By Wendy and Mike Pramik
Posted On: Mar 9, 2021
Chef Estrada slowly adds stock to seasoned Arborio rice as he makes saffron risotto to accompany blackened scallops. Next comes a tangy dressing to go with a mixed-greens salad. Also on this menu are lemon-dill crab cake appetizers, an entrée of Cajun pecan-baked salmon, and a strawberry cupcake with white chocolate mousse.
This is no mere opportunity to watch the chef work. The diners are attending a cooking class, learning valuable tips on how to prepare the festive feast at home.
Around Ohio, talented, professionally trained chefs are showing off their skills and teaching others a few things along the way. The opportunity to learn cooking techniques from these experts is a self-help treat for home gourmets in what's sometimes referred to as the "experience economy."
Before the coronavirus crisis, many of these classes were hands-on, providing a great chance for participants to hone their kitchen skills, in addition to unveiling the secrets to their favorite dishes.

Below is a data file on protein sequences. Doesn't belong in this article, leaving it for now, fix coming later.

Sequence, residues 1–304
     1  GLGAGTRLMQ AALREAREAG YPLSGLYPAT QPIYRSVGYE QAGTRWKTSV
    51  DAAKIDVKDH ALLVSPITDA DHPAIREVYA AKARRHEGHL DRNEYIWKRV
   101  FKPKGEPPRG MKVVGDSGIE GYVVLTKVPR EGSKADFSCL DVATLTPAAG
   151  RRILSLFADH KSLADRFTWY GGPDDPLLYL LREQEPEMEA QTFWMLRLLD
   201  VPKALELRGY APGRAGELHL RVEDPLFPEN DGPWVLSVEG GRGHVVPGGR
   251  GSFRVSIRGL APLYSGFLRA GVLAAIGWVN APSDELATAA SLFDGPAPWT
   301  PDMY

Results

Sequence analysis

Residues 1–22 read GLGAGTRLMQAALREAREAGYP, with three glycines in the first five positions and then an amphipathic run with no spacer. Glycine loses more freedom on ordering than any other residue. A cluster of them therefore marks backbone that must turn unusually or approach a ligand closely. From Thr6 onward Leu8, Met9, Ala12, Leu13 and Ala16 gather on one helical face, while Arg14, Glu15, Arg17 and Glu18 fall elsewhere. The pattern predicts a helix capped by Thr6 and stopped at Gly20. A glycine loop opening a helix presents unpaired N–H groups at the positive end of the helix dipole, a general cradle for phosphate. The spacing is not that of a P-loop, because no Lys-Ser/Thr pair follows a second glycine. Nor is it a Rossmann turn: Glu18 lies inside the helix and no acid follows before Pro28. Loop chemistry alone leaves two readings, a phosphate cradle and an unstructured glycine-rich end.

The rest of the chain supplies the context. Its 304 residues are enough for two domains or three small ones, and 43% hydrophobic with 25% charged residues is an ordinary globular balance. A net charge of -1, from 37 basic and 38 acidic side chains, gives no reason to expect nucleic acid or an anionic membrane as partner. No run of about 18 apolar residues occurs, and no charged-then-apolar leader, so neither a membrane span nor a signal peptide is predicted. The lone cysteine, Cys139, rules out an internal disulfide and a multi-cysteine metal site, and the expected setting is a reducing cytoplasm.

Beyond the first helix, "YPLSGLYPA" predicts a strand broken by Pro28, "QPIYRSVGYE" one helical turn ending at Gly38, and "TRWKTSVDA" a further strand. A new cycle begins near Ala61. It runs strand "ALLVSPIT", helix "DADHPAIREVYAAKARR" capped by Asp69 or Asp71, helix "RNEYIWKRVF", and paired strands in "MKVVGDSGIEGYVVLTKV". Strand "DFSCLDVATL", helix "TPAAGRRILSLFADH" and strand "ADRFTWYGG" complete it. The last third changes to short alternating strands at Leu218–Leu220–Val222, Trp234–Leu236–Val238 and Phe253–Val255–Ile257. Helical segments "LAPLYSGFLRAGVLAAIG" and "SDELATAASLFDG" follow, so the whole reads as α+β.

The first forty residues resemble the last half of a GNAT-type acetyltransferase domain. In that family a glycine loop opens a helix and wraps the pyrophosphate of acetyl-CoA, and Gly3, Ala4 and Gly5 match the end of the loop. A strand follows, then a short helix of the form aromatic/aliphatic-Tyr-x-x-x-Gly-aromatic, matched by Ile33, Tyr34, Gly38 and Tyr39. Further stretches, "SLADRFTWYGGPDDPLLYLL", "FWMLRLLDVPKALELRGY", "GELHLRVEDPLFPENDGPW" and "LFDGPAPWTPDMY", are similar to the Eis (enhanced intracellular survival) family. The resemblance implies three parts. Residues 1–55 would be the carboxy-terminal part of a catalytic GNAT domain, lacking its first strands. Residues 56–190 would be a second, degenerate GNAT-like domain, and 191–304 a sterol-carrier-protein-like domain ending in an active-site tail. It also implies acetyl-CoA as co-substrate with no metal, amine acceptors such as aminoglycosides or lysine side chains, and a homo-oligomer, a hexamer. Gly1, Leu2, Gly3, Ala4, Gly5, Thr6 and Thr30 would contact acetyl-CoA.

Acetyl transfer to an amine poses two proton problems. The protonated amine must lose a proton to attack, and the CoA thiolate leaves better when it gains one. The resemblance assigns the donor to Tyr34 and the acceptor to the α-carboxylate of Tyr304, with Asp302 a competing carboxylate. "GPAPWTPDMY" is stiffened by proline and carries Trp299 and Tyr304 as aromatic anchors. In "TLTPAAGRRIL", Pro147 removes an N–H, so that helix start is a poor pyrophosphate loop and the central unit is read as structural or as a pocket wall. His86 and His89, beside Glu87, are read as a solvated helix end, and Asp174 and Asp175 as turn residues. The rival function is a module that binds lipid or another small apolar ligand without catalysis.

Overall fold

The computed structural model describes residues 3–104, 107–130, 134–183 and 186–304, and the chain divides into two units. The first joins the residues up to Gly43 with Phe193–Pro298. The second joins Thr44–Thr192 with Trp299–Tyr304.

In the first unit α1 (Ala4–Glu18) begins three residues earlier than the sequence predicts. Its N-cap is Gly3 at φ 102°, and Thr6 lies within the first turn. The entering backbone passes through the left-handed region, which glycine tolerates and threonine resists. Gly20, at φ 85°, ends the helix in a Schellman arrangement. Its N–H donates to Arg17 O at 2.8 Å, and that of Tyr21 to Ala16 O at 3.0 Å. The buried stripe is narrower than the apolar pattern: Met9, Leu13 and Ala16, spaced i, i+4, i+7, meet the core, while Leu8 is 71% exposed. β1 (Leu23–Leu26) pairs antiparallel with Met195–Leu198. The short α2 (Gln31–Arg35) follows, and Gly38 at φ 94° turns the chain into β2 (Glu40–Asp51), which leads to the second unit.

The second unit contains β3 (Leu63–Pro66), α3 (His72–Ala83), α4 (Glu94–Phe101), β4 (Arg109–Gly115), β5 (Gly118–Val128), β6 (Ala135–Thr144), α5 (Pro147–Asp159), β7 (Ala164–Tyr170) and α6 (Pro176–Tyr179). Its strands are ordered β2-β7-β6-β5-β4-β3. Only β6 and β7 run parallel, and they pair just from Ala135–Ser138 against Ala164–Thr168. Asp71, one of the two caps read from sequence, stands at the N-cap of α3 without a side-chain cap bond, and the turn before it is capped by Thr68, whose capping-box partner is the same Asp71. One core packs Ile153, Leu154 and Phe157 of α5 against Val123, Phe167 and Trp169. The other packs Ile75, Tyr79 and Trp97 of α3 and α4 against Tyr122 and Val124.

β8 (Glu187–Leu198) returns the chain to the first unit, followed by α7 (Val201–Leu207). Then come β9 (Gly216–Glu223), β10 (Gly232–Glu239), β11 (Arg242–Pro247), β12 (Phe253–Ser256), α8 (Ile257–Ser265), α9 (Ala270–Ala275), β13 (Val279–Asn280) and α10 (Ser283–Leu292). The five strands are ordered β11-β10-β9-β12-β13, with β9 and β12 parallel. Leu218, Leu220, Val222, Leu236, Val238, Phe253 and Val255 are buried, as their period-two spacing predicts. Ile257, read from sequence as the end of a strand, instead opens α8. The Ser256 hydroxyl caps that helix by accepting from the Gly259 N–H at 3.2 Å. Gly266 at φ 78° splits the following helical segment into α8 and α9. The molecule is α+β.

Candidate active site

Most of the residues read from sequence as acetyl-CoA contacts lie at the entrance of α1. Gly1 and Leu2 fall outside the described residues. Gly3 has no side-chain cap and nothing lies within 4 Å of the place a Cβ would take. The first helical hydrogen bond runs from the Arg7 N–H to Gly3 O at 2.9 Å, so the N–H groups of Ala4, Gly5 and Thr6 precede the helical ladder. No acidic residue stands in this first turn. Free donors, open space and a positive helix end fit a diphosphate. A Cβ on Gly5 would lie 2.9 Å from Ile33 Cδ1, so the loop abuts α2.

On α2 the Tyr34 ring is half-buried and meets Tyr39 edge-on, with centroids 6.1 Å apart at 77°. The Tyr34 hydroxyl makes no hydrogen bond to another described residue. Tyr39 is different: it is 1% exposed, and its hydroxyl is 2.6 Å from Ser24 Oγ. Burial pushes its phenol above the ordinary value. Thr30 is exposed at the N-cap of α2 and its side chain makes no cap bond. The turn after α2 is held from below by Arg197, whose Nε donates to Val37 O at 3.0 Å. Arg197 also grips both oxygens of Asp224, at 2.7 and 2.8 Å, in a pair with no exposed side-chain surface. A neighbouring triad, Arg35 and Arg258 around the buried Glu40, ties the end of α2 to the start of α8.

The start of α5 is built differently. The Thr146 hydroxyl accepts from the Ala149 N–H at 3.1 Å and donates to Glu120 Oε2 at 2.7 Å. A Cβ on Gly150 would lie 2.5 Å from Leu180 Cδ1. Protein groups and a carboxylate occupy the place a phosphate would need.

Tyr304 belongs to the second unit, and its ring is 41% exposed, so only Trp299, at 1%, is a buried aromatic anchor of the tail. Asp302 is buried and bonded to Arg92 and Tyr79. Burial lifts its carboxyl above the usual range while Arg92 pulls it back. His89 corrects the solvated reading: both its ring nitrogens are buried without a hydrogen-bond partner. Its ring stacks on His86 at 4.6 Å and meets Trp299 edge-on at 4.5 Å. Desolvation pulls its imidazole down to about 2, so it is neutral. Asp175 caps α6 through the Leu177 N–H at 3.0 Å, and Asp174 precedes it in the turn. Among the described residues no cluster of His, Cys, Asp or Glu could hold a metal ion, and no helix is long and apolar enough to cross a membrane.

"The reason we do these classes is to let the community know we're here for them," Estrada says.
Some schools, especially those that conduct hands-on classes, have had to adapt because of the pandemic. Tricia Wheeler, owner of The Seasoned Farmhouse in Columbus' Clintonville neighborhood, started cooking classes via Zoom and created a newsletter with recipes and cooking tips. She also wrote a book, Peaceful Dinners, reflecting her experience teaching families how to create menus that didn't waste food.
"The pandemic slowed everything down for us dramatically," she said. "We are so ready and excited to welcome guests back when things are better later this year."